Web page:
Analogue went all out with communication with their audience and being more transparent. It seems the company has heard the cries about the rough Pocket pre-order process and the their stock of other consoles being low/limited. This news comes as a positive sign that Analogue may be more open in the future. They still shared this information just months away from the restock of the Super NT, Mega SG, and DAC and the release of the Pocket, but some communication is better than none!

Between the restock, (hopefully) steady supply of Pocket consoles, and the launch of the Duo, Analogue is shaping up to have a solid 2021.

Analogue Console Restock Incoming

Super Nt, Mega Sg and DAC restocks incoming asap. Super Nt in March/April. Mega Sg and DAC soon after. There will be a heads up before live on the store. As always, sign up for stock notifications to be notified the instant they are back in stock:

Analogue via Twitter

By the time the restocks come to fruition, the everything will have been out-of-stock for 3-4 months. The Super NT has been flickering out of stock since early 2020, while the Mega SG finally went out after Christmas 2020 along with the DAC. It is great to see Analogue restocking the consoles, especially the Super NT. We also just crossed the sub-100 days left until the end of May 2021, which is the current release window for the Pocket. The Duo is also supposed to be releasing this year. It seems Analogue’s production is kicking back up, but we have to see if it can keep up with demand.

Analogue Consoles Entirely Out of Stock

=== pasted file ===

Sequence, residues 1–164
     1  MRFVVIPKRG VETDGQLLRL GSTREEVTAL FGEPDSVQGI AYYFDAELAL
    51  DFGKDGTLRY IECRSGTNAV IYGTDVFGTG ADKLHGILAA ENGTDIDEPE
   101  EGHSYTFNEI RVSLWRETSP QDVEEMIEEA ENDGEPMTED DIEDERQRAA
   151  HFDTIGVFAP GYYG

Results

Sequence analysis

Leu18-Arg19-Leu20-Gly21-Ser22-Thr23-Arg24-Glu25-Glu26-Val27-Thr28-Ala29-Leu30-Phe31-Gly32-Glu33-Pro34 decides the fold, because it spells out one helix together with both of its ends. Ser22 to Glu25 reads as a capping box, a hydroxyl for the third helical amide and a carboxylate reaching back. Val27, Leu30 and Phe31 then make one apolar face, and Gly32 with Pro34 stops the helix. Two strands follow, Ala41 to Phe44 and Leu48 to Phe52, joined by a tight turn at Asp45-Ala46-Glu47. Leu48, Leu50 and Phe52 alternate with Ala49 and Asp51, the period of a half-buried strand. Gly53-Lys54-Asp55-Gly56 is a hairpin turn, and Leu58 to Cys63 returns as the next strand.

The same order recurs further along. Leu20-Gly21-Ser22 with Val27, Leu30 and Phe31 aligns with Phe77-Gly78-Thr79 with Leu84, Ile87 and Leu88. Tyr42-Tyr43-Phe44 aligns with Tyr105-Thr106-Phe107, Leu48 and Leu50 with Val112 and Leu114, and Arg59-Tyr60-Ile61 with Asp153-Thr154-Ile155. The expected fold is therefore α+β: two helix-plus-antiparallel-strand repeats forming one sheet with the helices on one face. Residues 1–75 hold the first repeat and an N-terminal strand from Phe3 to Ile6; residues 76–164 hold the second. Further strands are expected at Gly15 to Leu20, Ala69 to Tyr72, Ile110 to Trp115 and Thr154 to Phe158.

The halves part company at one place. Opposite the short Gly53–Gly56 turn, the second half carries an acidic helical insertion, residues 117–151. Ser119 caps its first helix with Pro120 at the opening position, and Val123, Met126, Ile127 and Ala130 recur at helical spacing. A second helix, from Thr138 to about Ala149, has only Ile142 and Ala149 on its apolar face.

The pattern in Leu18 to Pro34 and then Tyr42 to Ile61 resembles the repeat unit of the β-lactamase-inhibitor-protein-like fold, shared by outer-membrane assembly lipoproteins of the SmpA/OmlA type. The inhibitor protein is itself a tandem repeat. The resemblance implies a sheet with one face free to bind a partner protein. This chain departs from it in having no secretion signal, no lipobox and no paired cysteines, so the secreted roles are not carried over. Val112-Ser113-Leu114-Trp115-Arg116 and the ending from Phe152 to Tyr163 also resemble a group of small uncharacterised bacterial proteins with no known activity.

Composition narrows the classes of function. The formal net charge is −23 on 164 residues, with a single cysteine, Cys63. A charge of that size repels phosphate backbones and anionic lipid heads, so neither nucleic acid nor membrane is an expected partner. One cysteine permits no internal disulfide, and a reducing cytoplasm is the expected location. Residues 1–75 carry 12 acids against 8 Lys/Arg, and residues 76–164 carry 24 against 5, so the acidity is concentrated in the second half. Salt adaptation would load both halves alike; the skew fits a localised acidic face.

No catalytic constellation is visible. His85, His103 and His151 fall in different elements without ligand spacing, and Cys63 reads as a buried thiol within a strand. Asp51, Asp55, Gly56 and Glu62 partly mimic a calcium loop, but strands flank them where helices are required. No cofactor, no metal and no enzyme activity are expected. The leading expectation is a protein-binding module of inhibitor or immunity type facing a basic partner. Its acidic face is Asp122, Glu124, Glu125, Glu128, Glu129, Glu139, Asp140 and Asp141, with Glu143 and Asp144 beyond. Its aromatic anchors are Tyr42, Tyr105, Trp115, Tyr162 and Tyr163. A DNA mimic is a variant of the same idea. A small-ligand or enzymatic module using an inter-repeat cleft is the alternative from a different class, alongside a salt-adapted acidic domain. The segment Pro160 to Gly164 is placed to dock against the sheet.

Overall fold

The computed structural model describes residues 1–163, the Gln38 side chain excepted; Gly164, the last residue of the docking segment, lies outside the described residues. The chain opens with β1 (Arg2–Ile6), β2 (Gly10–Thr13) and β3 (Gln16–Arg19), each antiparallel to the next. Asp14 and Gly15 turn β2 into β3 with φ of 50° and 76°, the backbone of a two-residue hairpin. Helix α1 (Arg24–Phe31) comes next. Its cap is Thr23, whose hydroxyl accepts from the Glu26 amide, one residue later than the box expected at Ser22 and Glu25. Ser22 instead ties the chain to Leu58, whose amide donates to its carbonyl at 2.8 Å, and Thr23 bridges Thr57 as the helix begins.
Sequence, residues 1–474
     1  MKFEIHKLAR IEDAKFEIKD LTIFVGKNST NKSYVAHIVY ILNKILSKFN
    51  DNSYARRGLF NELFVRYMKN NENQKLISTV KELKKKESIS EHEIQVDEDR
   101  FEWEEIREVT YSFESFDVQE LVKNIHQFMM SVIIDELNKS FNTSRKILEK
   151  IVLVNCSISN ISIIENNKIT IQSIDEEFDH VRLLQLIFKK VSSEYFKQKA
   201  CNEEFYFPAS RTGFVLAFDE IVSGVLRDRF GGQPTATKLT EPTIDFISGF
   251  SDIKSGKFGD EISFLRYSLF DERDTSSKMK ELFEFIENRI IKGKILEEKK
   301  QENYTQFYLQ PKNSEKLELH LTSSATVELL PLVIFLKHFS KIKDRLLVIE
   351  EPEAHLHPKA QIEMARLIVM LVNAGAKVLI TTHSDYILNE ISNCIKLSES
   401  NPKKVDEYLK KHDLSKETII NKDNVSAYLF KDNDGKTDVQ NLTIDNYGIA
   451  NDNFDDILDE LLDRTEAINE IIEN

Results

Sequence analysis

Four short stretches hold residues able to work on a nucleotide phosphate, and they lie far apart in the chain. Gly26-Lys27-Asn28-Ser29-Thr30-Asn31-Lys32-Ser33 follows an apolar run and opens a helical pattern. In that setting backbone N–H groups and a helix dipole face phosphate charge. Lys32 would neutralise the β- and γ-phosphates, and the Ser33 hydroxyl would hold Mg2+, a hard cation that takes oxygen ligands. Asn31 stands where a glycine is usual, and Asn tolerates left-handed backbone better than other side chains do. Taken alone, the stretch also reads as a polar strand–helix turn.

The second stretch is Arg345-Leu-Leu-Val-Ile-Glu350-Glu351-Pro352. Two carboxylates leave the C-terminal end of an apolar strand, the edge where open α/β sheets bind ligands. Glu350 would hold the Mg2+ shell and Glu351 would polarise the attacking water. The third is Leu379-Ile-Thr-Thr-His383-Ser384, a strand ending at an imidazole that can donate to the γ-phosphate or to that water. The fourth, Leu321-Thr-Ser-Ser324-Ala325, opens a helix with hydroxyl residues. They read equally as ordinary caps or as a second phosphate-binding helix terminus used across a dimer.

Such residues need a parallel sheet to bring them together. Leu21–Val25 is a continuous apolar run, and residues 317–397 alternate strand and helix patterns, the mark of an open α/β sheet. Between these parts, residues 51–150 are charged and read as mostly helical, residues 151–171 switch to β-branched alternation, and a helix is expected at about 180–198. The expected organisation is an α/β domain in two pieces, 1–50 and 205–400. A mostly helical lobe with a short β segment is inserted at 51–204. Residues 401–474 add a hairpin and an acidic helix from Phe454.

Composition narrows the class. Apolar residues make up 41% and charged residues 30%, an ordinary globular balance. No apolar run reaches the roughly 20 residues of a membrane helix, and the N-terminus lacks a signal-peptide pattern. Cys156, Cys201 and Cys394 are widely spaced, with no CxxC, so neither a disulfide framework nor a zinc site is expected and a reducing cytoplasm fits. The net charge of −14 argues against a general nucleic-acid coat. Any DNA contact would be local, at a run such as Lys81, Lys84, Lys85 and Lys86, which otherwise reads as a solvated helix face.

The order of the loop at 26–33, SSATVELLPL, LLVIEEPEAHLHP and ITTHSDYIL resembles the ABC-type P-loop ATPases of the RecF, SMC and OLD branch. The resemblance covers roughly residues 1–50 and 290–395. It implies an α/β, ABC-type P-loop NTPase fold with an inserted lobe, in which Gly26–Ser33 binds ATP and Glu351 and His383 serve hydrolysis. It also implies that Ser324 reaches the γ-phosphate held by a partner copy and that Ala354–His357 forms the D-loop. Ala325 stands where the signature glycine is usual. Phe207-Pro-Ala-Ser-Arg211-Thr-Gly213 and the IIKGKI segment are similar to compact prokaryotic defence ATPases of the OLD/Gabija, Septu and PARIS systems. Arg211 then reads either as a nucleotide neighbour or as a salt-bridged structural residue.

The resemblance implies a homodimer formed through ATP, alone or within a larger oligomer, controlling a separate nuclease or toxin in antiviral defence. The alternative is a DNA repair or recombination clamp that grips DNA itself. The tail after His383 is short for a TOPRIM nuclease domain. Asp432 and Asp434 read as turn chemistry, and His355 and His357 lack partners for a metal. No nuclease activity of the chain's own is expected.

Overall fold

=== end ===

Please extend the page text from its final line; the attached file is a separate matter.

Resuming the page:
Analogue Store

I had a feeling that this was going to happen soon. I kept look at the Mega SG consoles, noticing that the stock was limited to the USA and JPN variant. The Super NT has been out of stock throughout 2020. The Analogue Pocket famously sold out in 10 minutes. The Analogue DAC is also out of stock, ending the second run of the niche digital-to-analog converter.

Those fortunate enough with an Analogue Pocket pre-order should expect the console in May 2021. Analogue is also launching a PC-Engine/Turbografx console dubbed the Analogue Duo this year. I imagine pre-orders will sell out immediately.

In fact, as of this writing, the only Analogue product in stock is a triple pack of Mega SG cartridge adapters for $49.99, plus $20~ in shipping. Hopefully Analogue can resupply all of their non-exclusive variant consoles and make some new ones (like an affordable NES console). They do rock solid work and I love my Super NT and DAC. I cannot wait for my Pocket to arrive to test and play it to no end. I just wish Analogue’s products were more widely available for folks.

Analogue Nt mini Noir: RGB321 – My Life in Gaming

Analogue Nt mini Noir – The Ultimate NES FPGA console? :: RGB321 / MY LIFE IN GAMING – YouTube

Nothing quite like a brand new MLiG video to kick off the weekend. Coury and Try go over every perceivable inch of the revised Nt mini Noir from Analogue, which no one can buy.

Maybe I should have gotten one of these instead of a PS5…Kidding aside, I always love MLiG’s videos and find them satisfying and oddly soothing. It is definitely worth the watch whether you copped a Nt mini Noir or passed.

Seeing the tech inside the Nt mini Noir reminds me that the Pocket is only supposed to be five months away. I am eagerly anticipating my own Pocket console and the newly announced Analogue Duo. I really should dig into that one soon.